Relating soil C and organic matter fractions to soil structural stability

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  • Johannes L. Jensen
  • Per Schjønning
  • Christopher W. Watts
  • Bent T. Christensen
  • Clément Peltre
  • Lars J. Munkholm

Soil organic matter (SOM) is important for maintaining soil structural stability (SSS). This study quantified the influence of soil organic carbon (SOC) and different organic matter components on various SSS measures. We used a silt loam soil with a wide range of SOC (8.0–42.7 g kg−1 minerals) sampled in spring 2015 from the Highfield Ley-Arable Long-Term Experiment at Rothamsted Research. Four treatments were sampled: Bare fallow, continuous arable rotation, ley-arable rotation, and grass. Soils were tested for clay dispersibility (DispClay), clay-SOM disintegration (DI, the ratio between clay content without and with SOM removal) and dispersion of particles <20 μm. The SSS tests were related to SOC, permanganate oxidizable carbon (POXC), hot water-extractable carbon (HWC), mid-infrared photoacoustic spectroscopy (FTIR-PAS) and mineral fines/SOC ratio. SSS increased with increasing content of SOM components. The relationships between SOM components and SSS followed a broken-stick regression with a change point at ~23.0 g SOC kg−1 minerals (clay/SOC~10) coinciding with a change from the tilled treatments to the grass treatment. We found a greater influence of SOC, POXC and HWC on SSS at contents below the change point than above. A stronger linear relation between POXC and DispClay compared to SOC and HWC suggests that POXC was a better predictor of the variation in DispClay. POXC and HWC were less related to DI than SOC. The grass treatment had a very stable structure, shown in all SSS tests, probably due to the absence of tillage and large annual inputs of stabilizing agents. This suggests that a change in management from arable rotation to permanent grass is one effective tool for improving SSS.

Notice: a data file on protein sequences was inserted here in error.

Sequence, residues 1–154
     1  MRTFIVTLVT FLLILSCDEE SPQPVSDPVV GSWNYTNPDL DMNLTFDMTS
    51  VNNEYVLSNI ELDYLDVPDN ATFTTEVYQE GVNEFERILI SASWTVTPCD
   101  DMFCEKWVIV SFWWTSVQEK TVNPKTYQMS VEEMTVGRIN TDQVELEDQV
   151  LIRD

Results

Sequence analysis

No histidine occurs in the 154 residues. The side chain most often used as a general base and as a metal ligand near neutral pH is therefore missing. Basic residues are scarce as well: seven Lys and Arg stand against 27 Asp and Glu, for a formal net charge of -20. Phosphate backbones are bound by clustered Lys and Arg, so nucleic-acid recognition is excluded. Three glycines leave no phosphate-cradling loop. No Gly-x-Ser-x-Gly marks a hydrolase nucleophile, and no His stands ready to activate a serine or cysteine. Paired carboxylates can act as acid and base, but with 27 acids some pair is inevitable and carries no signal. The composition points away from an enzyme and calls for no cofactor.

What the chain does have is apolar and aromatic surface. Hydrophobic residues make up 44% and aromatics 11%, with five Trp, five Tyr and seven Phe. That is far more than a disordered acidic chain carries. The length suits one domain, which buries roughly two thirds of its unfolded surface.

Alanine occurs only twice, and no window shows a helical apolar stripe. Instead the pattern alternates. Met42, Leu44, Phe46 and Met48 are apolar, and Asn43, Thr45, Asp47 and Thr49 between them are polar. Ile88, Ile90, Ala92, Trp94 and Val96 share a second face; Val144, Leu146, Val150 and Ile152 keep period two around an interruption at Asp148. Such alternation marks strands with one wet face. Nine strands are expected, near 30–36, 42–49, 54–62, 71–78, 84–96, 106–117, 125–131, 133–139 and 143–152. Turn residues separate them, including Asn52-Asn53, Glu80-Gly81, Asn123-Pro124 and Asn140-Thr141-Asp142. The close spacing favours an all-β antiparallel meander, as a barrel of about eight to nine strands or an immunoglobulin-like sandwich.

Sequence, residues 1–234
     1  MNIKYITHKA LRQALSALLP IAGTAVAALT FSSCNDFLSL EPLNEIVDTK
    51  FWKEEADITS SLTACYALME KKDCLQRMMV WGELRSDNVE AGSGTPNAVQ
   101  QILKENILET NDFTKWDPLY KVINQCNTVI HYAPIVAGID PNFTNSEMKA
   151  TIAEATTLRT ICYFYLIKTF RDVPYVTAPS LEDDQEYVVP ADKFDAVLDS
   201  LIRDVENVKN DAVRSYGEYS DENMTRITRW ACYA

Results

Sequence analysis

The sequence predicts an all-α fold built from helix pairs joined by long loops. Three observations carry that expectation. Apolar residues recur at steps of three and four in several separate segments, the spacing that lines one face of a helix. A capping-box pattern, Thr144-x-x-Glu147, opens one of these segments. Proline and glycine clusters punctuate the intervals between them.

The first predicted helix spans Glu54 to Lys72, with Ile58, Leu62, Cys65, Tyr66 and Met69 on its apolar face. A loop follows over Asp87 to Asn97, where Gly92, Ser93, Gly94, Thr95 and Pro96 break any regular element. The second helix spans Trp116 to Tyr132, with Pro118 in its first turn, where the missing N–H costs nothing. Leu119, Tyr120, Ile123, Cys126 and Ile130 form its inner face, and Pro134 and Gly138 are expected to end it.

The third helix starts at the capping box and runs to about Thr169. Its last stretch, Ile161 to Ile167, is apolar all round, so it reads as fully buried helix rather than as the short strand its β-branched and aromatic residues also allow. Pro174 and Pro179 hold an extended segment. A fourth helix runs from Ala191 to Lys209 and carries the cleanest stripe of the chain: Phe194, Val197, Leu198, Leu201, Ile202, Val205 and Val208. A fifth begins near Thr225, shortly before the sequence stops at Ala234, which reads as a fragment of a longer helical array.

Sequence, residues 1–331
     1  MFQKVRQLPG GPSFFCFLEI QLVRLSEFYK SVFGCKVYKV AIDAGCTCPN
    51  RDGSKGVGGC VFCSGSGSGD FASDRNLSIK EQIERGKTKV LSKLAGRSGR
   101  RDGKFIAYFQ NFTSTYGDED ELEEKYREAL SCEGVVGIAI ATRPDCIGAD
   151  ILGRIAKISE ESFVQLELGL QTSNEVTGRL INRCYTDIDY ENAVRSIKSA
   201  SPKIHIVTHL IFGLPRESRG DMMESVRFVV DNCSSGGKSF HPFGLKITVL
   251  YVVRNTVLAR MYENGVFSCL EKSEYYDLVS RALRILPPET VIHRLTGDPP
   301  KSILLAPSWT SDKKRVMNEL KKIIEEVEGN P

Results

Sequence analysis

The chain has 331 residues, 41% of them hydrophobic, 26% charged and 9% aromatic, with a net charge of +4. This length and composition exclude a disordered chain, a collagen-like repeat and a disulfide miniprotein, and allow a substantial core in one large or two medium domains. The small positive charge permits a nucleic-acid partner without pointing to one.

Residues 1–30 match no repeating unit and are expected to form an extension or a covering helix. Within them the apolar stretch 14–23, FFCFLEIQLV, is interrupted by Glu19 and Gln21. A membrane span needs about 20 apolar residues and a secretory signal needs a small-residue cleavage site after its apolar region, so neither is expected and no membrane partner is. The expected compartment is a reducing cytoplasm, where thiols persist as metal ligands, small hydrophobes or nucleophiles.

Original languageEnglish
JournalGeoderma
Volume337
Pages (from-to)834-843
Number of pages10
ISSN0016-7061
DOIs
Publication statusPublished - 1 Mar 2019

    Research areas

  • Hot water-extractable carbon, Permanganate oxidizable carbon, Soil management, Soil organic carbon, Soil structural stability

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